This activity can be played many times, so encourage your families to not just play once! Coach them with how to adapt this game to continue to work on their child’s goal. Or, show your families easy ways to extend the activity. For example, after the child plays the ‘I Spy’ Language game, give the parents tips for teaching how to compare/contrast two items in a category group.

Make sure to download this free lesson plan by clicking the pink button below. 

Speech and Language Skills to Target with ‘I Spy’ Language at Home

Articulation – have your child find items that have their sound. Then, have them practice the word 10x with their correct sound production. Make a silly story with the items using their best sounds!

Vocabulary – compare and contrast two items in that category group by how they are similar and different.

Grammar – create sentences by adding in an adjective about the item or talking about “where” the item belongs such as “A pillow belongs on top of my bed.”

Social Skills – work on having your child initiate questions and comments. Model social language during this activity. Give pause time to see if your child will nonverbally or verbally initiate a message.

Speech Fluency- have your child practice their strategies when saying the things they found or when using the item in a sentence.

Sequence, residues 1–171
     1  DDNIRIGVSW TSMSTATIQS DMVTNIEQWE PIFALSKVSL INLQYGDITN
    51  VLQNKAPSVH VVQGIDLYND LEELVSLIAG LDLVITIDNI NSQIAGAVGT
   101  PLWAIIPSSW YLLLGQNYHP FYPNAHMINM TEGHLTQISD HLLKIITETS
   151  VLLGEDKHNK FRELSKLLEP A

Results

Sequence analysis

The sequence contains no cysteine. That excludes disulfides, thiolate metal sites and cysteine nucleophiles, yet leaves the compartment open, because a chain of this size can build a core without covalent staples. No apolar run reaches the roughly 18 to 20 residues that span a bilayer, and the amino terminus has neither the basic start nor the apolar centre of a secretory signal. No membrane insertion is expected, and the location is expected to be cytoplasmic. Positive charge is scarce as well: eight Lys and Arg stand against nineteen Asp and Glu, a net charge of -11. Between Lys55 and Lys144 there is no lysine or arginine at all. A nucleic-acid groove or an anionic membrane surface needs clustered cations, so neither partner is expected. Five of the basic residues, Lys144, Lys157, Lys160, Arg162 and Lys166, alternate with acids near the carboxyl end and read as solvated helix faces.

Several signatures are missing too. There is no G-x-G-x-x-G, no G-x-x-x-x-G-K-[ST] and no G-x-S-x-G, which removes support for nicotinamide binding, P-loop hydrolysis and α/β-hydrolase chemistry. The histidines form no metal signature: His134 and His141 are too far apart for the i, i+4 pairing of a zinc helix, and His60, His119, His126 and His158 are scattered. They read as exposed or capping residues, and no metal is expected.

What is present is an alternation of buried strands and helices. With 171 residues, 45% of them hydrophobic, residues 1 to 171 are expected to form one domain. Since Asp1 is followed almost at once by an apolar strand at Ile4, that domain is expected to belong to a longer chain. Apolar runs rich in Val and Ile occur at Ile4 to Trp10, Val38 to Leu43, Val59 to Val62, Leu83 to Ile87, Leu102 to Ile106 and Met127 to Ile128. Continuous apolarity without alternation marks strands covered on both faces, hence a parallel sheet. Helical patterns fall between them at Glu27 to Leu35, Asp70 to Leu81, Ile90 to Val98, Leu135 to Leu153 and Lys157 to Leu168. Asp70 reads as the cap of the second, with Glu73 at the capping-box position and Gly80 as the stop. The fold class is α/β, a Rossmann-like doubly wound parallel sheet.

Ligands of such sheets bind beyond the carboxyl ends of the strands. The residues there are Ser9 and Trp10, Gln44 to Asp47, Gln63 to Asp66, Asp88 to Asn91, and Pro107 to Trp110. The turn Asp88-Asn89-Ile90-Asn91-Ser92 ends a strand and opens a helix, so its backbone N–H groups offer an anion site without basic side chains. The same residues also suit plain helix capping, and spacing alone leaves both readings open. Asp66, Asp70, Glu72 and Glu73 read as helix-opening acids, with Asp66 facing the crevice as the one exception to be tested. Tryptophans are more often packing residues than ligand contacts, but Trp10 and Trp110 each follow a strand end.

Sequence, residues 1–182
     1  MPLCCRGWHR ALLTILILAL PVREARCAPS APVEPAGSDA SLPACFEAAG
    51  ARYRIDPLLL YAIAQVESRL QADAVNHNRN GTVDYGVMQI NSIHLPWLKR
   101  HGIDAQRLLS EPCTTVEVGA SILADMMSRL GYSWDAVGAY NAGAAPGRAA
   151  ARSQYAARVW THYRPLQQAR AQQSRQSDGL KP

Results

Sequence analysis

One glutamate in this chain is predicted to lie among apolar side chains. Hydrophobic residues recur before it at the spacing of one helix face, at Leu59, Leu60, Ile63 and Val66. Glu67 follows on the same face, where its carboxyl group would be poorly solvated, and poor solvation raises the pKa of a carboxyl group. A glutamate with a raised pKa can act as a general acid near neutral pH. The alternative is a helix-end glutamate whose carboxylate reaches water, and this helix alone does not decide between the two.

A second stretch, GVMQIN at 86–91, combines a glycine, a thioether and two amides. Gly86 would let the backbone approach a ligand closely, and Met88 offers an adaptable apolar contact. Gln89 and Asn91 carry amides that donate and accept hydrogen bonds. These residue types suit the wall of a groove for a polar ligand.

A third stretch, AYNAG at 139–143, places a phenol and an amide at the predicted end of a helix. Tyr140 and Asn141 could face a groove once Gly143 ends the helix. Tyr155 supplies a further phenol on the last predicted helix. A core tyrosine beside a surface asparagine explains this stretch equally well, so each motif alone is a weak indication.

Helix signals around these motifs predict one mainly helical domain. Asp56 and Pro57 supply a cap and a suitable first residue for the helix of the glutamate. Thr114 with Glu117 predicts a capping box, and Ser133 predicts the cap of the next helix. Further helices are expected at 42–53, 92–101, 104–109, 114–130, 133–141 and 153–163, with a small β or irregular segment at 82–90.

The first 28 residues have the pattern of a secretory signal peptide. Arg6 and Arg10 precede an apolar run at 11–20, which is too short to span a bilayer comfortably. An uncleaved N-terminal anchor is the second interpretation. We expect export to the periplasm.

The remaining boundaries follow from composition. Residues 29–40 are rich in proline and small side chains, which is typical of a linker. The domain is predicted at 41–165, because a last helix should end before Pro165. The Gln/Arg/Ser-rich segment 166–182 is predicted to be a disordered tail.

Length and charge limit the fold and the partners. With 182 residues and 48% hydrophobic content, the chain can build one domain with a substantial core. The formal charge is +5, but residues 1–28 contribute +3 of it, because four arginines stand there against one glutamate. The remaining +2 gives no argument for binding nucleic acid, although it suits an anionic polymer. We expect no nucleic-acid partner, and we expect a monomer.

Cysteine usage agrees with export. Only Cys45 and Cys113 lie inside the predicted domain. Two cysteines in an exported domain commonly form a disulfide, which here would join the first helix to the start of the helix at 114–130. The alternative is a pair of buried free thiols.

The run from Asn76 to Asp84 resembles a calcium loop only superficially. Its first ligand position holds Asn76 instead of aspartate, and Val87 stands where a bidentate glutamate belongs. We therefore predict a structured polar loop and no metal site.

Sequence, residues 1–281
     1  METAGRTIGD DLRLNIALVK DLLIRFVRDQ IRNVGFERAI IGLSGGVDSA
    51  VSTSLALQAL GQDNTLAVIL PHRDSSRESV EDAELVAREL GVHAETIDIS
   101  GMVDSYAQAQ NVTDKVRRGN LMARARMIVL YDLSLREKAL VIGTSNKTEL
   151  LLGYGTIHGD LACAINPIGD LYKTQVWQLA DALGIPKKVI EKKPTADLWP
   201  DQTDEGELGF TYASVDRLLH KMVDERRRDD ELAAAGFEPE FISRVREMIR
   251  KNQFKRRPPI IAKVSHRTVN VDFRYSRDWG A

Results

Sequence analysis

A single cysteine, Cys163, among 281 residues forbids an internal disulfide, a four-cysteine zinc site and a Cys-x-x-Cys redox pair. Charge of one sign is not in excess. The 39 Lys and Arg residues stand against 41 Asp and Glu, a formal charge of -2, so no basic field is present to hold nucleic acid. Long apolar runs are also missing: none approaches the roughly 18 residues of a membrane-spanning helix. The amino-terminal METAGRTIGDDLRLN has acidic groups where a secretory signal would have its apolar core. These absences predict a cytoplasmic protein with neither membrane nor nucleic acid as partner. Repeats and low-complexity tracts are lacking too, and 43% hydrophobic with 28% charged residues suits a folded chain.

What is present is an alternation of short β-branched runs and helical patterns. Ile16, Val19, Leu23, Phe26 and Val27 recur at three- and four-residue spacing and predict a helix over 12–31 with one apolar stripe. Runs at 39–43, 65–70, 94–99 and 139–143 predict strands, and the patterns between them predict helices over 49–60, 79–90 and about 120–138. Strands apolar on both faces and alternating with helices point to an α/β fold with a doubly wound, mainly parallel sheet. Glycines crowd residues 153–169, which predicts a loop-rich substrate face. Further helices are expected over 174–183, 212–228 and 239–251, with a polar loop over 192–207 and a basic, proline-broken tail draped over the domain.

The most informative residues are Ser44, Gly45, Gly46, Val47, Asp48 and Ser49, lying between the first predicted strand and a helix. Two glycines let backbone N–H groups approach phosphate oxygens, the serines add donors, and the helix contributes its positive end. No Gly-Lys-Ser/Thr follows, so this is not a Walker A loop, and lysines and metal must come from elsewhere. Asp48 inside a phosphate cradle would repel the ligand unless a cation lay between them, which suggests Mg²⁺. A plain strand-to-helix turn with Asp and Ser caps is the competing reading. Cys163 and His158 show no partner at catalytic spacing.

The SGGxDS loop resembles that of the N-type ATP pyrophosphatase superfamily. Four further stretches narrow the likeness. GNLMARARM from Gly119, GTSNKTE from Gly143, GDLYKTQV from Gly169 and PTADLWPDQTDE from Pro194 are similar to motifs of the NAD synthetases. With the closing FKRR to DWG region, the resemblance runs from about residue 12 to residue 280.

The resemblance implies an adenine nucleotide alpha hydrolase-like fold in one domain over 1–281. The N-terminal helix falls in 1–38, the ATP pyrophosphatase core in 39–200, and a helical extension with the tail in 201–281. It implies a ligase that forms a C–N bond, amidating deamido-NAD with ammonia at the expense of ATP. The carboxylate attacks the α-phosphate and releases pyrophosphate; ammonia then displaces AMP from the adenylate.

Oral Narration – Have your child create a story about one of the items they found. Or, make up a story with all the items!

Your kids will be having FUN while they are learning. As much as we want our kids to be diligently working on worksheets and math problems, your kids need activities that will inspire them. Let me know how it goes by tagging me on Instagram: @thedabblingspeechie

Free Daily Home Visual Schedule

Free Daily Home Visual Schedule

Many of our students with Autism need visual supports to help navigate their day. When we create routines and visually show them what is happening next, it creates a calm for our students. One thing SLPs can do to help support parents at home is to create these daily home visual schedules to send home with students. Scroll down to the pink button to grab this free daily home schedule.  (Amazon affiliate links are included for your convenience in this blog post.) I receive a small compensation for any purchases through those links.)

A lot of my students benefit from having a visual schedule, a first/then chart and a working for chart. That can be a lot of visuals to carry around, so I put them all on one sheet of paper. It can also be helpful for some children to only see a few activities at a time instead of the whole schedule at once. To grab this free schedule, click the pink button and enter in your email information. You will then get an email with your free daily home schedule.

 

It includes premade picture icons, tokens, and blank icon pages, so you can store those icons when they are not being used. There is an editable PDF that will allow you to make custom pictures for your student/child that have real photos of their bed, toys, and home or to add in different pictures that relate to your student or child’s daily routine.

Supplies to Make Your Daily Home Schedule

Use this free daily home schedule to create a visual schedule for your child that will help them navigate the day so there is less tantrums throughout the day and more productive interactions!